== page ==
The New York rocks are fragments of Pangaea, which formed when the ancient supercontinent split. It is these fragments of very hard rock which provide the perfect foundations for New York’s highest buildings. Where Manhattan schist can be found very close to the surface you can build high, and so Downtown and Midtown have become home to Manhattan’s tallest buildings. The hidden rock adds value to that land.
Your property won’t have Manhattan schist but it does have lots of factors which determine its value – some obvious and maybe some hidden. Consider these three aspects which influence its value.
You have heard it many times, in fact it is usually repeated three times.
But what does location actually mean? Consider the following list.
City – the values in one city compared to another will vary because of population pressures, employment and climate. We have all watched Perth’s prices go up and down because of mining for example.
Suburb – the value in one suburb compared to another will be based on distance from major amenities like the CBD, schools, shopping and transport. History will also play a part as if it started as a working class suburb this might be reflected in the size of the land, the types of property and the construction materials.
Areas within a suburb – not all parts of the suburb will be considered equal. Main roads have a negative influence on value as do noisy neighbours like light industry. Having a school reasonably close is good, right next door not quite so good.
Actual street – being on a quiet, tree-lined street with well maintained, attractive homes is good, having an attractive home on a street of run-down neglected homes lowers the value. The higher side of the road is worth more than the lower.
Do you have any hidden factors about your location which may add value to your property?
2. The Land
This is actually the critical component of the total property value. In the vast majority of cases the land is the part that increases in value whilst the building part, known as the improvement, actually decreases in value with a few exceptions. The exceptions are period properties which increase in value because of scarcity factor. It is worth noting that many overly enthusiastic renovators have updated period properties in such a way that all the period features were removed. If this occurs then the property will not increase in value as much as one with period features intact.
So understanding the going rate per square metre/foot is critical. A property large enough for more than one dwelling has an additional boost in value.
As there is less land as part of the property with townhouses and apartments they will not increase in value as much as stand alone houses over time.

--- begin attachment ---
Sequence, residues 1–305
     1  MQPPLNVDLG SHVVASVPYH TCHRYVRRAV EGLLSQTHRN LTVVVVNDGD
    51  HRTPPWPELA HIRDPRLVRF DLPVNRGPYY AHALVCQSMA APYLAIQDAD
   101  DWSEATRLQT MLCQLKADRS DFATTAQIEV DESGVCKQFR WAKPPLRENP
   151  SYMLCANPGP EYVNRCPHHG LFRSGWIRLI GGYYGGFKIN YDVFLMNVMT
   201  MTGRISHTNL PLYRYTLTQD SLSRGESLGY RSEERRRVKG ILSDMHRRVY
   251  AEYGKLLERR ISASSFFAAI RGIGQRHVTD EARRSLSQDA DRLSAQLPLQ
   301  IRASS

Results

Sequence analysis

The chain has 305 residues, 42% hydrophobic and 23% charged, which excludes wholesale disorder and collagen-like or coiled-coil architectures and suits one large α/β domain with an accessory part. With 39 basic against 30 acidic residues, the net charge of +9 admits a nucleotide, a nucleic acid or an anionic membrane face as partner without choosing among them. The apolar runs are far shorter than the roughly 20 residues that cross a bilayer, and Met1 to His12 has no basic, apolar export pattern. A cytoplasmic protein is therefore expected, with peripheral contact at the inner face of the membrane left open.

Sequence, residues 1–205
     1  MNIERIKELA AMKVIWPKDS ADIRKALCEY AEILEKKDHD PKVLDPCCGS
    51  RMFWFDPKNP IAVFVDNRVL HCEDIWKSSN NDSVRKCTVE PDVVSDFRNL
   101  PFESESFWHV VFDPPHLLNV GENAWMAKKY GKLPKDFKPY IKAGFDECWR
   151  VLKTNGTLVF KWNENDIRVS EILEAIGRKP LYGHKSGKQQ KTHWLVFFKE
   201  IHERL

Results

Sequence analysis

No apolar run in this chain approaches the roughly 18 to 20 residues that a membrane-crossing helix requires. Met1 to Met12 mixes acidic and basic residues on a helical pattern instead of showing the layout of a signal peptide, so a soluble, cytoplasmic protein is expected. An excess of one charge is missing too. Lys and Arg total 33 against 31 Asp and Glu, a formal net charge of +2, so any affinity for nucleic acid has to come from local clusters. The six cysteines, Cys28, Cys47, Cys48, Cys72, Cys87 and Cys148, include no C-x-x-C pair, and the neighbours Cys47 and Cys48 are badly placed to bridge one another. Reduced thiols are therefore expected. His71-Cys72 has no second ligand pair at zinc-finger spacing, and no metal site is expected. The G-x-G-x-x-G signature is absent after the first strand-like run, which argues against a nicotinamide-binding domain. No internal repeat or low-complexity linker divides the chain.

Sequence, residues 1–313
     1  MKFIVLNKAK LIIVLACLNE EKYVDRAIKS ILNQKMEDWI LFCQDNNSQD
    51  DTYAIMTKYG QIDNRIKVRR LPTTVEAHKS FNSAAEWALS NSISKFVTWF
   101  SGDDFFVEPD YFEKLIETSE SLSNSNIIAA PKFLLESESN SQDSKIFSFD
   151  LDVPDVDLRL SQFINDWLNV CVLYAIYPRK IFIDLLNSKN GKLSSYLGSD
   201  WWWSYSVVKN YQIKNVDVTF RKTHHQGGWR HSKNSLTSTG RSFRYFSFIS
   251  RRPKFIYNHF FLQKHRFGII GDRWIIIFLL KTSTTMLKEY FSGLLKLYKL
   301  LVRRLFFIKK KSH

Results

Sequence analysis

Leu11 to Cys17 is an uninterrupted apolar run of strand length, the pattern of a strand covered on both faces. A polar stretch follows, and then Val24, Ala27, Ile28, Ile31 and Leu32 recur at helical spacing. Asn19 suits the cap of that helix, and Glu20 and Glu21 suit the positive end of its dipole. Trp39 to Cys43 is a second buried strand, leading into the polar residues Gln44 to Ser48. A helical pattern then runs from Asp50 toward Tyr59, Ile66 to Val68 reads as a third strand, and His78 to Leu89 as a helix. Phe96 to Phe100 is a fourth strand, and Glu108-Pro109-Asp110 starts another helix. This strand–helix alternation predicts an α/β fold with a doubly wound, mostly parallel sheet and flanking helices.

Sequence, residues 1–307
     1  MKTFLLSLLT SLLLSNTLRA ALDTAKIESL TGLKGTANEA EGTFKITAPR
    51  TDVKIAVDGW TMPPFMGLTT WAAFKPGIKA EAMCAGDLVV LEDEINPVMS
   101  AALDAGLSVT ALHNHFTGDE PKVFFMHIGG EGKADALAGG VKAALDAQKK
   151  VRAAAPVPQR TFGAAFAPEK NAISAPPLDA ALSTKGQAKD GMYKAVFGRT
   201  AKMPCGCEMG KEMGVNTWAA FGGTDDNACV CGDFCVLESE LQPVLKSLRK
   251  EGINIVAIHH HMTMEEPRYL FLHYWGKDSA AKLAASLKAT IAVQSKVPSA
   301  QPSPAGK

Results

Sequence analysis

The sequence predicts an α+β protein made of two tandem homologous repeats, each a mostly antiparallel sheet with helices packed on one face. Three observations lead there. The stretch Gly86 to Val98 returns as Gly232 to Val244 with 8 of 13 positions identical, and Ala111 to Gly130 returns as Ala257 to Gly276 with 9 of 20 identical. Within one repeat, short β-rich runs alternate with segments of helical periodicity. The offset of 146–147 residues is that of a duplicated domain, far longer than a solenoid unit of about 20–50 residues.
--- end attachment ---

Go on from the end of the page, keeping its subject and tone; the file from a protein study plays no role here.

Do you have any hidden factors about your land which may add value to your property? It could be a view or …
3. The Improvement
That means everything constructed on the land. In the contract of sale for a house the size of the house, garage and other buildings are not mentioned on the contract just the land details.
The construction materials make a difference. Brick construction tends to have more value than timber. Other important factors are the roof material, the amount of sleeping accommodation, bathrooms and toilets and living areas. A garage adds value, a carport not as much.
Many people think their new wool carpets and things like that add value. Not really. Recent decoration and new fixtures may help sell a property faster but won’t necessarily add much to the total value. What is generally called street appeal also helps. Is the property right on the footpath or is set back? Is it landscaped?
Do you have any hidden factors about your improvement which may add value to your property?
The Total Value
So how do you determine the value? It is not like another retail product which has a set price. A property’s value is determined by comparison with comparable properties. What are they selling for in the current market? If you watch the media this can move from one week to the next. However, there are some free tools available to you to get a fairly good idea.
The key here is comparable. You need to find properties for sale or recently sold which are like yours in all the 3 areas above. You just can’t say a three bedroom house anywhere in Melbourne is worth $x. You need the same suburb or very similar, same area within the suburb, same type of street and same size property. Tricky yes, but many websites help you. Here are a couple to get you going.
When you think you have come up with a value you can always ask a couple real estate agents to give you an idea of what your property might sell for on the current market. If their answer is much different than what you calculated ask why.